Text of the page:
Misconduct Outside of the Profession – A Judicial Consideration

18th July 2022

The Administrative Court has recently considered two appeals in relation to sanctions imposed on registrants following allegations of sexual misconduct outside of the profession.

GMC v. Mok [2022]

The GMC appealed against a 12 month suspension order imposed following a determination by the Medical Practitioners Tribunal (“the MPT”) that the Respondent’s fitness to practise was impaired by reason of misconduct, with the Respondent sexually penetrating his partner without consent, arguing that the sanction imposed was insufficient to protect the public.

The GMC appealed on three grounds, namely:

  1. the MPT had regard to irrelevant considerations in its determination on sanction;
  2. the MPT failed to apply the Sanctions Guidance and give adequate reasons for its decision on sanction; and
  3. the sanction of suspension fell outside the range of reasonable decisions open to the MPT on these facts.

Mrs Justice Lang, however, dismissed the appeal on all three grounds, stating:

The MPT exercised its evaluative judgment when it identified the considerations which it considered were relevant, and that judgment was informed by its assessment of the evidence and the issues.

As to consideration on the sanction of suspension, Justice Lang commented that: “…the MPT carefully considered the relevant competing considerations in respect of sanction. It appears from the terms of the determination that the choice between 12 months’ suspension or erasure was finely balanced in the minds of the MPT. However, the MPT concluded that Dr Mok’s misconduct fell just short of being fundamentally incompatible with continued registration, and that erasure would be disproportionate in the circumstances of this case.

As the Court of Appeal observed in Bawa-Garba, the decision of a tribunal that suspension rather than erasure is the appropriate sanction constitutes an evaluative decision based on many factors, and a kind of jury question about which reasonable people may disagree.

Farquharson v. Bar Standards Board [2022]

In this case, on the other hand, it was the registrant who sought to appeal the sanction of disbarment imposed on him relating to three charges, two of which related to sexual misconduct.

Here, the Appellant had pleaded guilty to sexual assault committed against a female colleague in a nightclub in 2019. Following the incident, the Appellant sent a text message to that colleague the day after, asking her to respond to a future message from him with an untruthful account of the previous evening. The Bar Standards Board (“BSB”) decided that the Appellant should be disbarred.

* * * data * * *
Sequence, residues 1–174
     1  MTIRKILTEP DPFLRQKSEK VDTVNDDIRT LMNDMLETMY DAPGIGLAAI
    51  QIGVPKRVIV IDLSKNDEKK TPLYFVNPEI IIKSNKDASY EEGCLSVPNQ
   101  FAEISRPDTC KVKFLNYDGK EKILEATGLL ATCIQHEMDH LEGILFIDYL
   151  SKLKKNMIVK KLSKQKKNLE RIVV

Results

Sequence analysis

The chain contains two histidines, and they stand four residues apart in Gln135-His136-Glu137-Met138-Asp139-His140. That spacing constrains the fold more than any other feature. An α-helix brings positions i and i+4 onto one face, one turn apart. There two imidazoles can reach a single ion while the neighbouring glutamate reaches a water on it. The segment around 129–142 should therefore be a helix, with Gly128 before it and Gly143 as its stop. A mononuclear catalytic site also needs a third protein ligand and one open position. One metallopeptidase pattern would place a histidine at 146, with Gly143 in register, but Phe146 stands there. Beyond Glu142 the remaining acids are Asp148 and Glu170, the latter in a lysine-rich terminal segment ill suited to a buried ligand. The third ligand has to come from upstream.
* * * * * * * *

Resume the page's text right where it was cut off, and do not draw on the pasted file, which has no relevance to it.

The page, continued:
Mrs Justice Heather Williams, on appeal, upheld the findings of professional misconduct and commented that, whilst it was clear that the BSB had yet to “fully grapple with the implications of the High Court’s ruling in the Beckwith case”:

“It is perfectly plain that the regulator’s reach may extend into a barrister’s behaviour in their private life and that there is no barrier or bright line drawn between professional and private conduct”.

Whilst recognising the reach of the regulator extended beyond merely professional conduct, however, the judge recognised that the tribunal had got the sentencing wrong. At the time, the official guidance on sanctions for sexual misconduct said that for a custodial sentence, “the general starting point should be disbarment unless there are clear mitigating factors“. The panel did not, however, look for mitigating factors, instead looking for “exceptional circumstances”.

The judge, upon considering this, commented:

In all the circumstances I conclude that a long suspension is the appropriate and proportionate sanction, bearing in mind the guidance and objectives which I have already identified. This in itself is a very serious sanction, second only to disbarment. I do not consider that disbarment is necessary for the protection of the public or in order to maintain public confidence in the profession in all the circumstances. Accordingly, the substituted sentence in respect of [the charge of sexual misconduct] will be a suspension of two years.


These cases are illustrative of the fact that regulators are not afraid to cross the professional/private line when it comes to regulating the profession. The implications of this are potentially far-reaching, as Marc Beaumont, representative for Mr Farquharson commented:

The view might be taken that to be safe from prosecution, no barrister should ever tell a lie in private life. This creates real uncertainty: we are now in a profession where private conduct may be policed by the BSB on the apparent basis under Article 8(2) that this is what the public and the Bar require and expect.

It is also clear that regulators must have regard to a wider range of sanctions, taking into account all aggravating and mitigating factors, when considering findings of sexual misconduct. These two cases demonstrate that the court will be prepared to move from the most severe sanctions of disbarment or suspension where the particular circumstances of the case warrant it.

Another point to note is that the Court in Mok was significantly assisted by the detailed and organised decision from the Lower Tribunal. This serves as a useful reminder to lower courts that, whilst their decisions don’t have to include all evidence it heard, it is important for the decision to capture all evidence pertinent to its decision so that this can be fully understood.

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